If you're in a hurry or don't have cash on hand, the idea of repairs that might be needed to maximize your home's value may not be doable. Cash sales are typical "as-is." You'll still need to disclose defects, but if your home needs repairs, and you're not in a position to do them, an all-cash offer may be the way to go.
This was also a pro for the buyer. A traditional sale often comes with a list of contingencies. If it's a buyer's market (not applicable right now!) your buyer might even request a home sale contingency which can drag out your sale for months.
While it seems like there are a few great benefits of receiving and accepting an all-cash offer, there are a couple of drawbacks to be aware of:
This is the big one! If you're looking for top dollar for your home, then an all-cash offer will often disappoint. In a seller's market, like today, an all-cash offer is a good tactic for a buyer to win a bidding war if you're selling to an individual who is looking to live in the home. However, investors are buying homes to resell them. They will offer less if they are coming to you with an all-cash offer. If you're selling to a company like Zillow they may offer less and give you great terms like a 10-day close and no contingencies. It depends on your situation as to whether it's a good deal.
If you're dealing with a reputable company like Zillow or Redfin, or a REALTOR® or agent who has vetted their client this isn't a concern. However, if you received a "We Pay Cash" postcard in the mail, make sure they have the cash they're offering. Ask to see a bank statement or "proof of funds" letter. In these types of deals, since all-cash offers often have a short escrow (sometimes as short as 7 to 10 days) you may want to negotiate a lease-back so you don't have to rush into a move. This is a smart tactic. In the event the deal falls apart, you'll have fewer worries.
The all-cash offer brings with it both benefits and drawbacks for both buyers making the offer and sellers who accept it. The bottom line is that for buyers, the all-cash offer is an interesting tactic in a hot market that can help make them stand out from among the crowd in the event of multiple offers on a property. There are some considerations including contingencies and closing dates you'll need to think through.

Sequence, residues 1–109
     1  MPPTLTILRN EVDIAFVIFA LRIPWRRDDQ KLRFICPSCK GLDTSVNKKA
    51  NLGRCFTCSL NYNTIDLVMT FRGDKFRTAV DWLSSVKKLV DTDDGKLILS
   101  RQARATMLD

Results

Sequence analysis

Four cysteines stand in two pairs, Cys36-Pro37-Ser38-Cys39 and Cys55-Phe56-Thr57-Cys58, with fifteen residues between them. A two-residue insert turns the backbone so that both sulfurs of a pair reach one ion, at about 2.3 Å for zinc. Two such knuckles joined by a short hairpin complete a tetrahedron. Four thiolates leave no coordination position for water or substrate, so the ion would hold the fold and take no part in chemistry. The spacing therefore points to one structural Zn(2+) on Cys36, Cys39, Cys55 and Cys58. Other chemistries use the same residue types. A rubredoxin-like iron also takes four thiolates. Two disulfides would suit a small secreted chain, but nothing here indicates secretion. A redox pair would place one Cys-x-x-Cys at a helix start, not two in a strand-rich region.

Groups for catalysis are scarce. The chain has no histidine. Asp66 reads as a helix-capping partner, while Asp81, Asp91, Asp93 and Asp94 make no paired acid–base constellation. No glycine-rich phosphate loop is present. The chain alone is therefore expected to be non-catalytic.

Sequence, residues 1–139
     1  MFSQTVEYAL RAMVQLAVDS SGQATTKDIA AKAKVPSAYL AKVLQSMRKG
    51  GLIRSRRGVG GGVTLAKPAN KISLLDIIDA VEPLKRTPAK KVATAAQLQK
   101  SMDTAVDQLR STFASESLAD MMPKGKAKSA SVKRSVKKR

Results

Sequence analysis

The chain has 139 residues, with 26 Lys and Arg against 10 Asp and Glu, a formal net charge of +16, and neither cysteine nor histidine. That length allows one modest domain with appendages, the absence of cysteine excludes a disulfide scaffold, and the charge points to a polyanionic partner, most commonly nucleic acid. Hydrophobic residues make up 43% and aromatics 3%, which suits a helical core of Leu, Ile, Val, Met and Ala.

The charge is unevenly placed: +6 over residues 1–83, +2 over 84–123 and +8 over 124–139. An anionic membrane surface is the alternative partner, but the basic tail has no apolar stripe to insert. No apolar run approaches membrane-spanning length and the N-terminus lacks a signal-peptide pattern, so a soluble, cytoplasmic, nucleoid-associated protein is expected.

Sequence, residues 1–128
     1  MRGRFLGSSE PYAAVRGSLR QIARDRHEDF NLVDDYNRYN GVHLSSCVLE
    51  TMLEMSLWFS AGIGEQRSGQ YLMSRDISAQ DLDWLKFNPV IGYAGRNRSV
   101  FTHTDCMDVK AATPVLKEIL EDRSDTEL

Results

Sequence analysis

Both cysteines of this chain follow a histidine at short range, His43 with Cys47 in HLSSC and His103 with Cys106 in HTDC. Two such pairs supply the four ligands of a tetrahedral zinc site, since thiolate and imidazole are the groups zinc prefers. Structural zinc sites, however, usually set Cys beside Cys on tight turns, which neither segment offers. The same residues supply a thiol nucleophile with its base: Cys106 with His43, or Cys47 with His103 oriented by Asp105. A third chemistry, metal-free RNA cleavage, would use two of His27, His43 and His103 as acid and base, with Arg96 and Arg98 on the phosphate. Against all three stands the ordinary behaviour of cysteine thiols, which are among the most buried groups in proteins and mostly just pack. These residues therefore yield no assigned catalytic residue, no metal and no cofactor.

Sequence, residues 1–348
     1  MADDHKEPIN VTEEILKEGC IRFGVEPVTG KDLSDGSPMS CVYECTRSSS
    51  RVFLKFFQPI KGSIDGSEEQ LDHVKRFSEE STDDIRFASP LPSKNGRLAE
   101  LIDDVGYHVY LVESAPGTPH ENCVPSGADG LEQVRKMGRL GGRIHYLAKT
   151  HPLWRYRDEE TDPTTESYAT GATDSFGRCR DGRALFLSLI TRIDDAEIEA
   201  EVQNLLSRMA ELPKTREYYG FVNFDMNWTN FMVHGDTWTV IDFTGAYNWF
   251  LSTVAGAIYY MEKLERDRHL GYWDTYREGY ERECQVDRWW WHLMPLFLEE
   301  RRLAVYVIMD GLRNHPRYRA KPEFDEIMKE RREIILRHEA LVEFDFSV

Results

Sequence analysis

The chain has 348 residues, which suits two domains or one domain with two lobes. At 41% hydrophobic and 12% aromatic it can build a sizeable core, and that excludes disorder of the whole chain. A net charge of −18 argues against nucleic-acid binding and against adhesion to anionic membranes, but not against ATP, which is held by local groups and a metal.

For the seller, the all-cash offer can mean a quick close and fewer hassles, but unless it's a seller's market, it's likely to be below the market value of your home. But it is fast and convenient. In the end, whether you're the buyer or the seller, you need to consider all of your options including which factors are most important to you in your unique situation.
If you missed part one of this three part series on Making an Offer when Buying a Home, here is the link to part one: https://www.masiello.com/news-and-updates/2021/06/16/the-logistics-of-a-seller-backing-out-of-a-purchase-and-sale
To build or to buy? It's one of the first and most important questions that you'll need to answer when considering your next home. The right answer for your family depends on a variety of factors, including your budget, where you would like to live, your preferences for the home, and your future plans. Our real estate agents are here to help you make an informed decision, with a closer look at whether building or buying a home might be the right choice for your family.
Our REALTORS® at The Masiello Group know the decision to move from renting to owning a home is not always an easy one to make. First-time buyers often feel challenged by the complexity of the process. There are also many financial angles to consider when you buy a home.
However, a changing lifestyle can mean it is time for a new perspective on homeownership. Let's look at some of the biggest reasons you might go from renting to buying a home.
Many millennials are putting off certain life milestones, like homeownership and starting a family. However, needing more space does not always mean you have a baby on the way. Many people decide to house hunt to provide more space for dogs! Cities are seeing more households made up of friends who may need sufficient space to themselves, too. Extra room also means more space for yourself, you could considering creating an office, art studio, gym, or music room.
Yes, getting a mortgage loan can be a time-consuming process. When all is said and done, though, it's not that much harder than getting into an apartment. After all, you need all of the same documentation. You'll also have to go through all of the usual steps of moving. When you buy a home, you'll get it all done in one fell swoop for many years to come. It will be more fulfilling to do all the same work it took to rent a home, and then actually be able to say, I bought a home.
In some areas, it makes better financial sense to buy a house than to rent. This is most common in large cities and areas where rapid growth puts pressure on the housing stock. As landlords try to squeeze every penny from potential tenants, you could find your mortgage will be less expensive. Just remember to consider the annual cost of home maintenance, too. It is also important to consider mortgage pre-approval before you buy a home because it will save you and your REALTOR® valuable time. Take a look at our blog on the importance ofmortgage pre-approval to learn more.